An in-depth and exclusive interview with Maribel Lieberman, one of the most successful women in business in NY, owner of MarieBelle tells us how she built her global chocolatier empire! A must read.
Your mouth waters immediately when you walk into this chocolate boutique that feels like an expensive jewelry store. The glass shelves exhibit a collection of delicate truffles decorated with artistic images, MarieBelle’s signature blue and brown tin cans of Aztec chocolate powder, and chocolate bars that you could send as postcards! But this Soho store, with an adorable coffee shop in the back where you can have the best hot chocolate you ever tasted, is only partly responsible for Maribel Lieberman being one of the most successful women in business we know.
She also sells her delicious MarieBelle brand at some of the finest U.S. department stores such as Neiman Marcus and Saks Fifth Avenue, and she has recently opened four stores in Japan. This native of Honduras, who at 17 came by herself to the U.S. to study fashion design, can often be found at the Broome Street store offering a taste of her latest creations to grateful visitors.
Successful women in the family
Are there other successful women in your family? What about women in business?
I come from a family of eight children – six girls and two boys. All of us graduated college and one of my sisters and I are entrepreneurs. My mother and grandmother were very entrepreneurial. They were seamstresses and worked for the local men’s fashion tailor. My grandmother, who died in 1996 at 108 years old, started working as a single woman when she was 20 and continued after she got married and had children. That was back in 1908 when women didn’t work. My mom worked for the same tailor to help put all of us through college. As a young girl I always saw these two women in business for themselves and I was inspired to have my own little businesses selling candy.
Where did the idea to open a chocolate boutique come from?
I was at a point in my life when I didn’t know what I wanted. I was cooking a lot because I had just gotten married to an artist and was entertaining quite a bit in my house. I enjoyed visiting different neighborhoods, being exposed to various cultures, picking up different food ingredients and experimenting. I fell in love with food and I eventually opened a catering business from my house. I catered for the U.S. Mission to the UN when President Clinton was in office and even catered for the President. I think I got those types of gigs because I always loved beautiful things. Presentation for me was always key, so it wasn’t only about the food but the presentation of it and everything that surrounded it.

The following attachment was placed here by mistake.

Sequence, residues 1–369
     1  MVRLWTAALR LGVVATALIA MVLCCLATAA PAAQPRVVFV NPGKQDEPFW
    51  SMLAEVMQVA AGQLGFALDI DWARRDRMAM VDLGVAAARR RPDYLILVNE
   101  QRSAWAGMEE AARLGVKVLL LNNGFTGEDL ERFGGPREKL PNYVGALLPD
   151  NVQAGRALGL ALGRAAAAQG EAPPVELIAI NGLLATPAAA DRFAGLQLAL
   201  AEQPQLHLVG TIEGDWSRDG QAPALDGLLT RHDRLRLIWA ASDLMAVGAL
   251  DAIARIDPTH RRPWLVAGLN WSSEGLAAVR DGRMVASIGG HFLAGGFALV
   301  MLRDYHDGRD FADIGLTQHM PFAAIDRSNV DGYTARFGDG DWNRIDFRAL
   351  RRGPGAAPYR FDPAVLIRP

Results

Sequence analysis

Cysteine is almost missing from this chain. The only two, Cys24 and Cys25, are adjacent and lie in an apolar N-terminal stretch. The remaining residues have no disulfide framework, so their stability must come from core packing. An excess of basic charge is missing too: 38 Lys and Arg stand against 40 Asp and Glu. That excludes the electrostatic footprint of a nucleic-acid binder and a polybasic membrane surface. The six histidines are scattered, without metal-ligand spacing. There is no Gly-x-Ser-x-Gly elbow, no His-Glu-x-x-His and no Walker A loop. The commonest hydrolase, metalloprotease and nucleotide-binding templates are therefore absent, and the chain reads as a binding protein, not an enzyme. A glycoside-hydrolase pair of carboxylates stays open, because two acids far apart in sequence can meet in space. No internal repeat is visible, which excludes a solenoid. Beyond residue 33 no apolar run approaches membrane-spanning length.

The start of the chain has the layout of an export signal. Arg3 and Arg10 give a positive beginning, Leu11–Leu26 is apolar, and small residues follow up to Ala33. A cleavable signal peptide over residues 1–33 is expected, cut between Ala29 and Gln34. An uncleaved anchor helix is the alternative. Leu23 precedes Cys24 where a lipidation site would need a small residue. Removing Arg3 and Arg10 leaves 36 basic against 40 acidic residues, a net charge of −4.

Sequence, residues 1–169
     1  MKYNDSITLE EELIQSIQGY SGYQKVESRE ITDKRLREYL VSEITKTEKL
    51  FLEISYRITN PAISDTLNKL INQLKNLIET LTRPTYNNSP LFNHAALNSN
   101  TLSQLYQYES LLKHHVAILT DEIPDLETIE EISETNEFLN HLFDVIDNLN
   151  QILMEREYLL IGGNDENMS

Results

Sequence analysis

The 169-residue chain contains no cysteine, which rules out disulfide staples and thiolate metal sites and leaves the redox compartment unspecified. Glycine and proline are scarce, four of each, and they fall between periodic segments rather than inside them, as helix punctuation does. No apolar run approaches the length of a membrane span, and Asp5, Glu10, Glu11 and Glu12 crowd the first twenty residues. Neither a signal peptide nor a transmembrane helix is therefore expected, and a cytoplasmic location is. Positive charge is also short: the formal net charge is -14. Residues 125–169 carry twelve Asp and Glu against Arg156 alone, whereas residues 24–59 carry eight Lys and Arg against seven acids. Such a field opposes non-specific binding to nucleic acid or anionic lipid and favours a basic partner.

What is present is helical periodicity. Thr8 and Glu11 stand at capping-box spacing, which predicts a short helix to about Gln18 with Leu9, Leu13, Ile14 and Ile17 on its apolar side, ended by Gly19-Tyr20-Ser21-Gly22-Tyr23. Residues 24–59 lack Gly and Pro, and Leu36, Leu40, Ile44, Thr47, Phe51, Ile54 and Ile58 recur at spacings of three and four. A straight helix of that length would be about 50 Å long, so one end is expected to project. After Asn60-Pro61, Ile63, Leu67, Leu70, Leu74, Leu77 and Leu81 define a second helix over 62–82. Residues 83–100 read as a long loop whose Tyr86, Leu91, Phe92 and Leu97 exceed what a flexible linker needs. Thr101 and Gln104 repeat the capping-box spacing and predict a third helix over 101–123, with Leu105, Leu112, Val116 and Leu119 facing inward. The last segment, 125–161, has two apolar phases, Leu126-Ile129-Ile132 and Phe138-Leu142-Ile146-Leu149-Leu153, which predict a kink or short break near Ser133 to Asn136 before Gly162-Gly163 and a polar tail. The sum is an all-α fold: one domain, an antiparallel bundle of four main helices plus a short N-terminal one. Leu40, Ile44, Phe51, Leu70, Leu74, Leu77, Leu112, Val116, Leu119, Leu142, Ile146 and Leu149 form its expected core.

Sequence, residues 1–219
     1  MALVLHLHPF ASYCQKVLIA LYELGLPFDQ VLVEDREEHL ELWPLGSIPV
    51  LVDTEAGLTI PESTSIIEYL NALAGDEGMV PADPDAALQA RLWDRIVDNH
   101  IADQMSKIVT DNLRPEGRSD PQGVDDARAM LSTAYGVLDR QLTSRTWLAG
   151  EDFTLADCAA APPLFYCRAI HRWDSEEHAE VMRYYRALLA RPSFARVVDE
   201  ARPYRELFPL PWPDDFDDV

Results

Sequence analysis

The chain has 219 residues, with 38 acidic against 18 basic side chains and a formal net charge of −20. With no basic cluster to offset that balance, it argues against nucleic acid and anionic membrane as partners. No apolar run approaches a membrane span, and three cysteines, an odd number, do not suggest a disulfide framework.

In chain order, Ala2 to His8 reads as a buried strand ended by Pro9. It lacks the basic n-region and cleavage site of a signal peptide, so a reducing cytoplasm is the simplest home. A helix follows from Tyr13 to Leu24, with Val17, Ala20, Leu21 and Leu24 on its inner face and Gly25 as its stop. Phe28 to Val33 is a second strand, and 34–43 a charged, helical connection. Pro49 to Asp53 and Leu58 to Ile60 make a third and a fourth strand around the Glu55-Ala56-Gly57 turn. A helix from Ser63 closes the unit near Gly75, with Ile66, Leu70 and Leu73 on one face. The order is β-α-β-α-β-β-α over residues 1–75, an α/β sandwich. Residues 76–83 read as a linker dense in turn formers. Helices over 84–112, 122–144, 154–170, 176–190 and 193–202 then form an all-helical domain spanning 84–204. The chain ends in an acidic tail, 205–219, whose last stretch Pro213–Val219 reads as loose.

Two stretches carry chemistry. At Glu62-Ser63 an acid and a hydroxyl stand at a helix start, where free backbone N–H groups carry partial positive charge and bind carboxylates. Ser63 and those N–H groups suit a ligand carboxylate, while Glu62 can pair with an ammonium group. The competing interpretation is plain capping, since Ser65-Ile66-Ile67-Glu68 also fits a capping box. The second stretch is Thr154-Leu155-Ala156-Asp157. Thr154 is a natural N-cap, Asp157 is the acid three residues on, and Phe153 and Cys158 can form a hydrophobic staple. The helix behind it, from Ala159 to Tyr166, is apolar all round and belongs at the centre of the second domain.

Five years later, when I was already working out of a rented kitchen, I wanted to move the business to the next level and open a gourmet store like Dean and Deluca where I could feature food from various countries. But I needed a lot of money to do that, and I couldn’t get it. So I started sharing space at an eyeglass boutique store with a friend of mine, which we called Lunettes et Chocolat (Eyeglasses and Chocolate). That’s when I plunged into research about chocolate, and I fell in love with it. I realized that chocolate came from the Americas and I wanted to bring the credit back to the region because most people think chocolate comes from Belgium, France and Switzerland.
The power of your brand
It’s evident to anyone who walks into your store that you are all about branding. The colors, the style, the look and feel… MarieBelle is absolutely unique. How did you come up with the brand? And I don’t just mean the name, which is a play on your own name, right?
I’ve always been a visionary. I never wrote a business plan, but I had vision. Blue was always my favorite color and when I decided to go into chocolate I had to add brown. I just imagined people would come into the store and see blue everywhere. I loved the vintage look of the blue and brown. Then when I started designing the packaging I would do different versions of the same blue and, without realizing it, I was creating a brand.
In terms of the product, I did a lot of research in Belgium, Switzerland and France; and I saw very similar things everywhere. In France they were mostly the same flavors: praline, cinnamon – nothing interesting, really. In Belgium chocolates are a lot sweeter, filled with liquor and milk. In Switzerland the milk chocolate is one of the best in the world.